Peru’s Congress will reconsider a proposal to move elections forward, one of the key demands of protesters who have taken to the streets for nearly two weeks since lawmakers voted to remove former President Pedro Castillo.
The legislature, which has an overwhelming disapproval rating in the Andean nation, will take up the proposal on Tuesday to push forward the vote for president and Congress to next year, though elections were originally planned for 2026.
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The country’s embattled new president, Dina Boluarte, has urged lawmakers to authorise her plan to hold the elections in December 2023.
“Don’t be blind,” Boluarte said in a national address on Saturday. Peru’s Congress had previously taken up the issue on December 16, but it failed to gather enough votes in favour of rescheduling the elections.
In her address, Boluarte asked legislators to reconsider their position, citing opinion polls that showed more than 80 percent of Peruvians want general elections to stabilise the country.
“Look at the people and take action in line with what they are asking. I demand that the vote to bring elections up be reconsidered,” said the 60-year-old former vice president, who assumed the presidency on December 7 after Congress voted to impeach Castillo.
The legislature removed Castillo from office after the left-wing, former teacher and union leader announced plans to dissolve Congress and rule by decree.
His removal – and subsequent arrest and detention on allegations of “conspiracy” and “rebellion” – have sparked widespread protests and spurred Boluarte’s administration to declare a nationwide state of emergency for 30 days.
Despite the measure, along with a nighttime curfew imposed in certain provinces, protesters have continued to take to the streets, particularly in rural parts of the country that make up Castillo’s stronghold.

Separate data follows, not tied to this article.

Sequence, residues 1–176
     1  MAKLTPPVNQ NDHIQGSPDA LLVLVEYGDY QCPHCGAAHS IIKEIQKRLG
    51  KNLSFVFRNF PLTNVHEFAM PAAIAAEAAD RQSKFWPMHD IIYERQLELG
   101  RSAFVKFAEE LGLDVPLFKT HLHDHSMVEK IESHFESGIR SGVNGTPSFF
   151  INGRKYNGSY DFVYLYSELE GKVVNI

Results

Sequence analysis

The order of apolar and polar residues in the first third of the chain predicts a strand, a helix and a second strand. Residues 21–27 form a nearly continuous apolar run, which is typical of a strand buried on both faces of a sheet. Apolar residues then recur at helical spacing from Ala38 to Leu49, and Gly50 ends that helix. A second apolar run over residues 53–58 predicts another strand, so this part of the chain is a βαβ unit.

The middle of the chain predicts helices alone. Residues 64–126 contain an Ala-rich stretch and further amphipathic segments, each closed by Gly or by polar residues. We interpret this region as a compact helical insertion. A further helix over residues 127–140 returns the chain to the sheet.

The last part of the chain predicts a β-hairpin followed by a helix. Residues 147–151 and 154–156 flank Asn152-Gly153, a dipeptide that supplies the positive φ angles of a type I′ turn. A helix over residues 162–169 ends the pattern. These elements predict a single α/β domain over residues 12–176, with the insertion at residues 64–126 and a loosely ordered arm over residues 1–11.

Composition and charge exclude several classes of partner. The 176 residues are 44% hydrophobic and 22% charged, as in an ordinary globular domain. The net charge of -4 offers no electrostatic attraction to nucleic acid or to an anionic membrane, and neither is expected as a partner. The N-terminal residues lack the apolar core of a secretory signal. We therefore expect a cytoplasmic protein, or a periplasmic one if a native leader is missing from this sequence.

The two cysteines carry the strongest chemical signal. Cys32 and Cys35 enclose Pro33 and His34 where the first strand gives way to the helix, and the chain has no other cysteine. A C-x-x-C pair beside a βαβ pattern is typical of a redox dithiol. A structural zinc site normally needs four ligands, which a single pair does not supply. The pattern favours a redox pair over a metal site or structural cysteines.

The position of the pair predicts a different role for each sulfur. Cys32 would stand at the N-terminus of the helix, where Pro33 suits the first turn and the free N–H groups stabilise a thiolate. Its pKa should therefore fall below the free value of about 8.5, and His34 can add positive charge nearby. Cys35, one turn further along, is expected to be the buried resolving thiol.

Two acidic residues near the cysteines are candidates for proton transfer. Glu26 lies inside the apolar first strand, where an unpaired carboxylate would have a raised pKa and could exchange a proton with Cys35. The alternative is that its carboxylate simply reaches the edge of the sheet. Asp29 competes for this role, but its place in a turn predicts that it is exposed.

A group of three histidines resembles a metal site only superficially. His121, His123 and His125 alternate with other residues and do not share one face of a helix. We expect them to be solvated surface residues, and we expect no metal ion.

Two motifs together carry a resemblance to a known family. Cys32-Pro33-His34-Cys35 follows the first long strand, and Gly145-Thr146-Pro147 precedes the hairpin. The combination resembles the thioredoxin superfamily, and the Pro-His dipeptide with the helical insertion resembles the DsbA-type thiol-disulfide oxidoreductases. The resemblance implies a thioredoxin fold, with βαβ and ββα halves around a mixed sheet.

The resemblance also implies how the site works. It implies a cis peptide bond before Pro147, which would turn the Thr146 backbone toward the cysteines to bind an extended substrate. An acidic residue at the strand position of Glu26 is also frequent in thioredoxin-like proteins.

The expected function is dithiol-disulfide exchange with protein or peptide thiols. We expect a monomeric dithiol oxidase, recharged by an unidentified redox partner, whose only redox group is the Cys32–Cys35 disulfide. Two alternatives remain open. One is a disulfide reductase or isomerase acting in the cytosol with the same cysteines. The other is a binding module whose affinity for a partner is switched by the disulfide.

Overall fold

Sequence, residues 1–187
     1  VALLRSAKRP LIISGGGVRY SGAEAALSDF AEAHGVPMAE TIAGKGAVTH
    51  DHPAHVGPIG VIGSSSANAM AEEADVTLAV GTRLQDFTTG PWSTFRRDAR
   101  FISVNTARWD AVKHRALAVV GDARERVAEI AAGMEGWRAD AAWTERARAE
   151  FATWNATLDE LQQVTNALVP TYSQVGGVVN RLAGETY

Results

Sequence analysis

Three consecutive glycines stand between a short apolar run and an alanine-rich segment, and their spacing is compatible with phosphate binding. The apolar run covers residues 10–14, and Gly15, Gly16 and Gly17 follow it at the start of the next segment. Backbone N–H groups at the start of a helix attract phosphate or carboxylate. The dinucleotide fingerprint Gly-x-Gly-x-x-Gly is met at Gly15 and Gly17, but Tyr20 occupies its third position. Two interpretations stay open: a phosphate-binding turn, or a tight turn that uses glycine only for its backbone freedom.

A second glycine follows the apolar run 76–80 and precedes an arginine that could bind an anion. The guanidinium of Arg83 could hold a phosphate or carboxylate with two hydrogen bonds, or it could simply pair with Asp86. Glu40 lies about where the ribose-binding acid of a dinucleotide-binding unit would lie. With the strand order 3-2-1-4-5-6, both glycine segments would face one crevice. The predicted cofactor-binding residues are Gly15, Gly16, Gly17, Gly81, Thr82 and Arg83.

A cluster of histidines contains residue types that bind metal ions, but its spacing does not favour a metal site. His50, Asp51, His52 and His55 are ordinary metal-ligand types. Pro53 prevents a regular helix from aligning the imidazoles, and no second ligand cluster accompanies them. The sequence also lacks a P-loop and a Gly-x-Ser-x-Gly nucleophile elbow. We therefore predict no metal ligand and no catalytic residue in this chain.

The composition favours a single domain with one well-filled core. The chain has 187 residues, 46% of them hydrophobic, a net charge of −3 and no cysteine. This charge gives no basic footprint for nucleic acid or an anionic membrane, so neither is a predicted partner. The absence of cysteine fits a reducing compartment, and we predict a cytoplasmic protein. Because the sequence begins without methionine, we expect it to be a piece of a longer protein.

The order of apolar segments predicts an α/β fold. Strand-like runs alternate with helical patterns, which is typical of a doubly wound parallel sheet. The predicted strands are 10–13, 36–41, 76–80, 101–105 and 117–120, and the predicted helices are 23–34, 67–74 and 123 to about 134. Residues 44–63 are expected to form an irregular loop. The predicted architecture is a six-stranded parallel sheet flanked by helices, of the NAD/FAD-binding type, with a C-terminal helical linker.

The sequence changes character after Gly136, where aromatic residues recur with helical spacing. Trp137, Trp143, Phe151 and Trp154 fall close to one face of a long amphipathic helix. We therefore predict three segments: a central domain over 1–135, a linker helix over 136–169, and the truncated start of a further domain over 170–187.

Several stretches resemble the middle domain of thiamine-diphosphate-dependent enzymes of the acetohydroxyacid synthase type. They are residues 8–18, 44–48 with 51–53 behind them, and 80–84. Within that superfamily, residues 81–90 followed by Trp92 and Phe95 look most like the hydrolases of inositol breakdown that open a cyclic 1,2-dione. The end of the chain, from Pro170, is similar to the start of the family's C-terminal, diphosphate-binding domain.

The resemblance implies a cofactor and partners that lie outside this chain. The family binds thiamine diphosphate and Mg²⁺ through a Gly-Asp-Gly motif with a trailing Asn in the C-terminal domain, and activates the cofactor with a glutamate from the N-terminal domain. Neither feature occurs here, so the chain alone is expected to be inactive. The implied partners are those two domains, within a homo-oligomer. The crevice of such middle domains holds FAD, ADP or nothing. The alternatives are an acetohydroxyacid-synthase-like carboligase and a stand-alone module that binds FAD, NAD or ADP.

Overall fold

While many of the protesters are angry over Castillo’s removal and arrest and have demanded his release, others are calling for Boluarte to step down and for Congress to be dissolved, in addition to early elections.
At least 20 people have died in the unrest, while hundreds have been injured.
Operations at the airport of Arequipa, Peru’s second busiest, resumed on Monday after a week of closure due to protesters obstructing the runway with stones, sticks and burning tyres.
That same day, security forces fired tear gas to disperse thousands of informal miners who cut off the Pan-American Highway at two vital points for more than a week.
Meanwhile, international observers have urged a return to calm, with United States Secretary of State Antony Blinken urging “Peru’s institutions and civil authorities to redouble their efforts to make needed reforms and safeguard democratic stability” in a call with Boluarte last week.
The European Union on Monday also called for a “spirit of dialogue and cooperation to stop the violence” and condemned “any use of violence and any excessive use of force” amid reports of civilian deaths.
Ronald Atencio, a lawyer for Castillo, recently told Al Jazeera that the former president “knows there’s a serious crisis” in the country and wants the violence to end. “He’s worried,” Atencio said in an interview.
Castillo has also argued that he is being “unjustly and arbitrarily detained”. He is being held for 18 months in pretrial detention at a police facility near the capital, Lima, as authorities prepare the case against him.
On Tuesday, Mexican Foreign Minister Marcelo Ebrard said Mexico – which has come out in support of Castillo – had granted asylum to the Peruvian leader’s family and was currently negotiating their safe passage.
“They’ve been granted asylum because they’re in Mexican territory. They’re in our embassy,” said Ebrard, who did not specify how many or which of Castillo’s family members were at the embassy.
Mexican President Andres Manuel Lopez Obrador said earlier this month that Castillo had called his office to request asylum in the Mexican embassy in Lima, which he planned to grant, but Castillo was arrested before arriving.